February 9, 2016

Semantics can’t twist Wayne’s danger of becoming a toxic-trash dump

Semantics.  That’s the weapon Republic Services is wielding in the backlash over toxic trash that has been dumped in the Broadhurst Environmental Landfill.  “There has not been a spill,” Republic’s public-relations consultant contends.  Spill or leak, dangerous stuff seeped into Wayne County’s soil and put our good people and our environment at risk.
"You can put a tutu on 
a pig, but you won’t make 
it a ballerina.  After all
the wordplay posturing, 

you will still have pork 
chops with four hooves
and a curly tail."
Semantics is a fancy way to spin words. Big companies and politicians are masters at semantic warfare.  But here’s the way I see this hair-splitting of words, as it regards to the health of our community.  You can put a tutu on a pig, but you won’t make it a ballerina.  After all the wordplay posturing, you will still have pork chops with four hooves and a curly tail.
Many people like pork chops, bacon, sausage, barbecue, and, by all means, an Easter ham.    I know of no one who would lick their lips to eat hog meat that, in its previous life, had wallowed in beryllium, mercury, lead or arsenic-tainted mud or slurped Penholloway Creek water that was downstream of a coal-ash dump.
Wayne County, I love you.  From the moment Dr. Alvin Leaphart Sr. grabbed me by my heels and spanked my bottom in 1948, I have been grateful my first breath was taken on the corner of Macon and Cherry streets in downtown Jesup.  And there’s nowhere in the world that I travel that I don’t let people know where my roots are planted.  I could live in Hong Kong, and if someone asked me where I’m from, I’d say—proudly—“Jesup, Ga.”
I love my hometown, its people and its environment.  When our business grew over multiple states, our family sat around the supper table—night after night—discussing and praying about our future.  Alan, Emily and Eric were still at home, and I didn’t want to miss one moment of those years.  Unanimously, we voted to relocate to Athens as our geographic center.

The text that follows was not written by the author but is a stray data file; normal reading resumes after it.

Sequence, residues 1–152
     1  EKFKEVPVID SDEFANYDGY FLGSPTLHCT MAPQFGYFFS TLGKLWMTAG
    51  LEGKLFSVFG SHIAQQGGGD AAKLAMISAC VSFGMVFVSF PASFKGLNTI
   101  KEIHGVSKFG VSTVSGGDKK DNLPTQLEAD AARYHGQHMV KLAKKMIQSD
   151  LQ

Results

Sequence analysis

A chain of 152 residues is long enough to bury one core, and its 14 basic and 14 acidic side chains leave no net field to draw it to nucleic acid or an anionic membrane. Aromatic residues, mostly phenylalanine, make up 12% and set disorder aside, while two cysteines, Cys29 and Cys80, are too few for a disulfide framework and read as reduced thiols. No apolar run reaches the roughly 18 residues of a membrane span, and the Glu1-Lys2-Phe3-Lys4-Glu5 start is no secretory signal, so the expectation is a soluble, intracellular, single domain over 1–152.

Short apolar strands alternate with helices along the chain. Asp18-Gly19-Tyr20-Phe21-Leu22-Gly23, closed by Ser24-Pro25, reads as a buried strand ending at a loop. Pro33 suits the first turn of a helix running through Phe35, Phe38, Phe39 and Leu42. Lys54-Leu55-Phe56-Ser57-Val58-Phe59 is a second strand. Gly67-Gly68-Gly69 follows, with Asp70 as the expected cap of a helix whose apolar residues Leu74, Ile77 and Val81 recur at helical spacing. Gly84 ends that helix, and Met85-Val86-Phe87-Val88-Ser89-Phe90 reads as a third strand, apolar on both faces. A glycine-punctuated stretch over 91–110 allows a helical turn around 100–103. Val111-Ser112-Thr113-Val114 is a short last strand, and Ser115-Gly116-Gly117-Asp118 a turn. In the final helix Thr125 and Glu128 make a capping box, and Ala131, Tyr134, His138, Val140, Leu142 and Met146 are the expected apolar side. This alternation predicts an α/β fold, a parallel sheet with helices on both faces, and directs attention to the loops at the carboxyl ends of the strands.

After I left Ninth Street, my parents joked, “We see more of you now than we did when you lived across the street.”  That was true.  And 26 years later, I spend as much time as possible in Wayne County.  I’d rather be with family and friends in the Altamaha River Swamp than anywhere on the globe.  I can walk you to my favorite spot, overlooking an elegant cypress tree that was growing long before Christopher Columbus discovered America.  And some of the cypress trees could have been here when Jesus prayed in the Garden of Gethsemane.
No one in our family is expecting a trust fund to be left for them. However, my dream has been to leave them a slice of Wayne County’s heaven, along the Altamaha, that is permanently protected through conservation easements.  This way, 100 years from now, heirs can’t be tempted or seduced by oil wells, strip mines or landfills.
My people, like many of yours, came from hardscrabble upbringings during the Great Depression.  My widow-farmer grandmother was as earthy and country as a bowl of collard greens.  I adored her.  And when I was about 7, we were standing at her Baker County barnyard gate.  After streaming strawberry snuff over the fence, Nanny pointed to a bantam rooster defending his hens from a bigger rooster.  
“That banty rooster reminds me of my daddy, your great-granddaddy,” she said.  He was little, but he was as tough as pine knot. Nobody bullied him.  If somebody tried to push him around, he’d pick up a lever (stick) and knock the hell out of ’em.  Honey, don’t ever let anybody push you around.”
There’s no way semantics can twist these words: Wayne County, I love you.  And as long as Republic, a multibillion-dollar conglomerate, threatens to make our community a toxic-trash dump, I am going to be swinging my lever.